Several climbers are sounding the alarm: Famous routes such as Victimas Perez (9a) or Gancho Perfecto (9a+) have been chipped in the Finestra Wall in the world-famous Spanish climbing area Margalef. Unknowns have increased several holds and filed down aggressive edges.
Modifying holds in climbing routes is not a new phenomenon in Spanish crags. Nonetheless, recent developments are worrying. Several classics in the sector Finestra Wall in Margalef were chipped, including those from Chris Sharma established lines Victimas Perez (9a) and Gancho Perfecto (9a +).
Improved grips and softened edges
got the ball rolling Angie Scarth Johnson, who recently became the first woman to climb Victimas Perez. She noticed a change in a bar during projecting after returning to the route after a pause. "Certain dents in a handle have been removed."
Pointed out by the Australian climber, represents Jorge Dias Rullo determined that the chipped grip also affected the neighboring route Gancho Perfecto. "Hold with the other hand, the groin is now more positive," said the Madrid climber, who was often seen in Margelef this spring.
Angie Scarth-Johnson then checked Victimas Perez in detail for changes. In doing so, she found that the final handle was ground down to a smooth, edgeless bag. "The sharpness that the handle once had was gone." Jorge Días Rullo also climbed the route and confirmed the Australian's discovery.
The Spaniard then checked the other lines as well and thought he had noticed changes in Gancho Perfecto. "But I wasn't sure because I climbed the route over a year ago and couldn't remember it very well." Several local climbers then checked the classics drilled by Chris Sharma and found even more chipped holds in the two routes.
Changes in the Victimas Perez and Gancho Perfecto climbing routes
Various climbing professionals have drawn attention to the situation in Margalef on social media. On the one hand they are venting their anger that classic lines are being irreparably changed, on the other hand many hope to be able to sensitize them to the topic of chipping.
Manipulating holds on established routes is the worst thing there is, says Tom Bolger, a climber with some lines from the Finestra sector in his route book. "We hope that raising public awareness will help ensure that this doesn't happen again in the future."
This conflict is causing tension in the local climbing community Beto Rocasolano. "Nobody knows what's going on, although we all agree that this is a tremendous lack of respect for all climbers who have invested the time and enthusiasm to attempt these routes." Symbolic lines would thus lose their reputation and level.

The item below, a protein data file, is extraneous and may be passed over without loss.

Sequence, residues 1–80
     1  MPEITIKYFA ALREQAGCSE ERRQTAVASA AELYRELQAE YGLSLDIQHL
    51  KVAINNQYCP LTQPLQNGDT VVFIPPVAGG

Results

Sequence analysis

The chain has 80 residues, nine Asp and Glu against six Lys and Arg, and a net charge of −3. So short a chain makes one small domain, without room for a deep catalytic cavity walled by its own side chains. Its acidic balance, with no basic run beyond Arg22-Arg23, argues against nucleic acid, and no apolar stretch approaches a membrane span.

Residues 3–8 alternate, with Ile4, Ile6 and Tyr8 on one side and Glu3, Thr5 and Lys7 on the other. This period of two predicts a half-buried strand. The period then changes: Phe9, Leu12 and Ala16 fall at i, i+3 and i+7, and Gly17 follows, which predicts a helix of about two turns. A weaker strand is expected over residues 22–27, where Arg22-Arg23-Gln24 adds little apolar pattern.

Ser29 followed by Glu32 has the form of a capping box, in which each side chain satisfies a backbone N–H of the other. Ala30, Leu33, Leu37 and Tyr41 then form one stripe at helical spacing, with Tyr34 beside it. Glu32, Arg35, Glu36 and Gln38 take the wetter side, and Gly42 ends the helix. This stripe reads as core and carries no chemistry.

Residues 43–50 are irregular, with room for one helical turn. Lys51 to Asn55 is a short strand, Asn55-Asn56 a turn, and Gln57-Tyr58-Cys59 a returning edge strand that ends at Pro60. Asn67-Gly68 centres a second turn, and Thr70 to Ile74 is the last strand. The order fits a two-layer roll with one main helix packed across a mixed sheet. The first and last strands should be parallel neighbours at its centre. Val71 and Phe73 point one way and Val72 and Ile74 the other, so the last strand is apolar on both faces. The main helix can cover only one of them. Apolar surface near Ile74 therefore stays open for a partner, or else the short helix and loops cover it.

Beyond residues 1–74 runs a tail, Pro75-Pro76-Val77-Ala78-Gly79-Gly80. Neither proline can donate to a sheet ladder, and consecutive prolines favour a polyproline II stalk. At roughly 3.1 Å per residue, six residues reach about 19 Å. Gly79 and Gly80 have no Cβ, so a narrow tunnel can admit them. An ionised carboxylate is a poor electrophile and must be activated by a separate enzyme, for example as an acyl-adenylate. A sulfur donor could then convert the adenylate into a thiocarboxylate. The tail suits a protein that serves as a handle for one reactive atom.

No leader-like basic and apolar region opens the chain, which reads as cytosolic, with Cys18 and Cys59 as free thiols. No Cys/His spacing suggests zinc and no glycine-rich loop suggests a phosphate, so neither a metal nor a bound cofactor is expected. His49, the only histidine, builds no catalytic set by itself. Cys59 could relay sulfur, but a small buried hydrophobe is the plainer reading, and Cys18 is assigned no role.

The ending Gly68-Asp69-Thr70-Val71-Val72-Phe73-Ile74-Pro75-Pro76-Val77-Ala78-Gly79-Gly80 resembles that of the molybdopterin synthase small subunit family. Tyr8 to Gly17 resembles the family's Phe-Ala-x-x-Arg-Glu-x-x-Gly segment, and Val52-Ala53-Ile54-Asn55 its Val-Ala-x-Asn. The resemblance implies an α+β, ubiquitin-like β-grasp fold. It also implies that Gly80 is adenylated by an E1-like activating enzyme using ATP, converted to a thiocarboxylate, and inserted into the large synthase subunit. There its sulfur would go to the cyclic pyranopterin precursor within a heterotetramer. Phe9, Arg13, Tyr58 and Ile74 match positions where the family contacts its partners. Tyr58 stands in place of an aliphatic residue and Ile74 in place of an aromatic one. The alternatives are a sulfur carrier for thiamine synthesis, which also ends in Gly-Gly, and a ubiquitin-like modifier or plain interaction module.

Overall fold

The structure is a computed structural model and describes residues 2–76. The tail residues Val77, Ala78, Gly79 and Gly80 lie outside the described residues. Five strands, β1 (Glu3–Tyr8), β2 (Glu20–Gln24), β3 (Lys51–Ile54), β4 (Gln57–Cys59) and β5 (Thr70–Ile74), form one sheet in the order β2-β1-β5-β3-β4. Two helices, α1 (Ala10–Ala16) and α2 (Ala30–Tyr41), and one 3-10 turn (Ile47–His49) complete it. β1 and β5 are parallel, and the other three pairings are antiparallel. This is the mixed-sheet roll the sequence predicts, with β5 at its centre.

How far can the human ego go? If we don't succeed, isn't it better to take a different path and come back stronger? The events in Margalef raise many questions, not only among the Brothers Pou, who also comment on the topic in social media.
For example, the comment columns also debate whether chipping is more legitimate in easier routes than in more difficult classics. Or whether top climbers who modify the rock for a certain style don't underestimate their function as role models, since in the end it's all about adapting nature to personal needs.
Video: Tom Bolger climbs Victimas Perez
Bertrand Martenet even suggests rethinking the entire ethical process. "Most of the difficult routes in Spain are modified and the climbing community doesn't give a damn about it." He gives examples La Dura Dura, First Round First Minute, Coup or also the above-mentioned Finestra sector in Margalef. It is a big taboo to talk about it. «Who has the right to chip? No one. Why do we accept that climbers who set up routes can chip, glue or do other things?"
The topic of chipping is a worldwide phenomenon and offers a lot of room for debate. We recently reported that in Ticino systematically chipped climbing routes will. And now it's becoming public that high-end routes are being modified in Margalef.
How do you feel about that? Write us your opinion in the comment column.
That might interest you
Do you like our climbing magazine? When we launched LACRUX, we decided not to introduce a payment barrier. It will stay that way, because we want to provide as many like-minded people with news from the climbing scene.
In order to be more independent of advertising revenue in the future and to provide you with even more and better content, we need your support.
Therefore: Help and support our magazine with a small contribution. Naturally you benefit multiple times. How? You will find out here.
+ + +
Credits: Cover picture Angie Scarth Johnson